by Ina May Gaskin
A true scientist is one who, on observing behavior and phenomena that do not conform to the received wisdom of his profession, is open-minded and brave enough to adapt his thought and practice to the deeper reality that he has perceived. Pioneers of this kind may experience great joy and satisfaction at their discovery, believing that their clarity of understanding will be obvious to everyone else. But those who have tried differing with established medical theory and practice often learn that simple concepts that create joy and save lives can be very hard for their peers to accept. This can be a lonely road. The lives and careers of Ignaz Philip Semmelweis, Joseph Lister, and Grantly Dick-Read—great scientists all—illustrate what can happen to the person who goes in the direction that science and common sense beckon, even when that means disagreeing with medical orthodoxy. Each received a significant dose of ridicule from professional colleagues, and in the case of Semmelweis, from those who had positions higher in the medical hierarchy than he enjoyed. Lister was the only one who lived to see significant change come about during his lifetime as a result of his work.
Tadashi Yoshimura is such a pioneer in the field of modern obstetrics. He knows that both midwives and obstetricians must be part of the maternity care team and they must be highly skilled. At the same time, he recognizes that when women’s lifestyles are as healthy as were their great-grandmothers’ regarding their nutrition and levels of every day activity, most women will be able to go through their pregnancies and births in such a way that the obstetrician’s services will be unnecessary, because the midwife’s direct care will be sufficient for these healthy women who thus carry no great fear about the process of labor and birth. What this means in a practical sense is that the obstetrician should be the part of the maternity care team who is always there to go into action when needed but also be willing to stand aside when he or she is not needed. This requires a great deal of dedication and restraint on the part of the obstetrician, and a great respect for nature and for women’s capacities to give birth.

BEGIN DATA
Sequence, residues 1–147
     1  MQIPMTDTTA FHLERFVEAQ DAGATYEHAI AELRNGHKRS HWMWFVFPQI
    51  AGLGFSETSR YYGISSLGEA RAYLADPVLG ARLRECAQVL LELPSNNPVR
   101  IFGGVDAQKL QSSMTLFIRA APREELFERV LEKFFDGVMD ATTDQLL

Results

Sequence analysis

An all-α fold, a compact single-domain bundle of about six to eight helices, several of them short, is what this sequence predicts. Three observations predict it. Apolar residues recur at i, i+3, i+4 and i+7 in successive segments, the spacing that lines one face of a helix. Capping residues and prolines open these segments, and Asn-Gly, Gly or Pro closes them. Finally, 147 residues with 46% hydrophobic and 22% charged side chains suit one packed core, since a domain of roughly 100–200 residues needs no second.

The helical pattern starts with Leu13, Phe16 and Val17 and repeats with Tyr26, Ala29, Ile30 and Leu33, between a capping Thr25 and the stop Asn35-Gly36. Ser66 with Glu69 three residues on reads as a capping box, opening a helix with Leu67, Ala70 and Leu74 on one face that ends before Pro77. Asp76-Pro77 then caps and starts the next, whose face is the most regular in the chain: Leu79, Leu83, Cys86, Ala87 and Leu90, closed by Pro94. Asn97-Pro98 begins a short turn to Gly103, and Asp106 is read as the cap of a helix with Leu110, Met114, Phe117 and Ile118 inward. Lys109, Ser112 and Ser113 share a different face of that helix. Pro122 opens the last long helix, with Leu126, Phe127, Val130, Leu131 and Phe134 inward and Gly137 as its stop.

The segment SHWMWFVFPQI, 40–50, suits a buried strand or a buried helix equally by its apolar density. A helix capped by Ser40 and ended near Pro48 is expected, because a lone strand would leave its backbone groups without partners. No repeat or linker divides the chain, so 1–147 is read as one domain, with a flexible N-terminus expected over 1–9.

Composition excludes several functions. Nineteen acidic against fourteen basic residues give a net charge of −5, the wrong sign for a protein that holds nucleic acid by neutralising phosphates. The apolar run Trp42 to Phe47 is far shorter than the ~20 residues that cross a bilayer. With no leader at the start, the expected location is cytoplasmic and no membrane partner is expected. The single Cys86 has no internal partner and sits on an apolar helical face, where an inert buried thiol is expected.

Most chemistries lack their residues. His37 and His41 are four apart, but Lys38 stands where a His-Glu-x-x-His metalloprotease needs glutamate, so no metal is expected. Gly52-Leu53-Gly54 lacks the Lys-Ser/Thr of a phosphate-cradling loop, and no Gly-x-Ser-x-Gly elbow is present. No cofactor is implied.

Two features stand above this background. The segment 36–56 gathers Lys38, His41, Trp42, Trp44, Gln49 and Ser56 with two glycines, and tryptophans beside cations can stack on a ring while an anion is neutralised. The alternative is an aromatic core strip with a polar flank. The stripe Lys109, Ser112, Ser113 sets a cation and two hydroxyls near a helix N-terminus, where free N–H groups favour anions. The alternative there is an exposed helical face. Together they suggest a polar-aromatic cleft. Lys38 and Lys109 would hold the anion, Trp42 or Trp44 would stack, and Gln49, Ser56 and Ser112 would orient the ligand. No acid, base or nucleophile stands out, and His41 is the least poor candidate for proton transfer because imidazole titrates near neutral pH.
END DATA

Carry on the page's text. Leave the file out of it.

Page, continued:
This difficult balance is one that Yoshimura’s clinic has achieved over several decades of serving Japanese families. It requires a staff of midwives and obstetricians who have very high esteem and respect for each other and for nature. It is rare that a practicing obstetrician will reject the model of care that he or she has been taught to provide in favor of incorporating a model that accepts the necessity of a strong midwifery component. The long history of tension between the professions of obstetrics and midwifery makes this a difficult and isolating career choice for an obstetrician.
I have been privileged to visit Yoshimura’s clinic on two occasions, and each time I was struck by the powerful example of the work being done there and the lesson it offers maternity care systems in crisis in various parts of the world, where too many cultures have become superstitious in their worship of high technology methods applied to pregnancy and birth.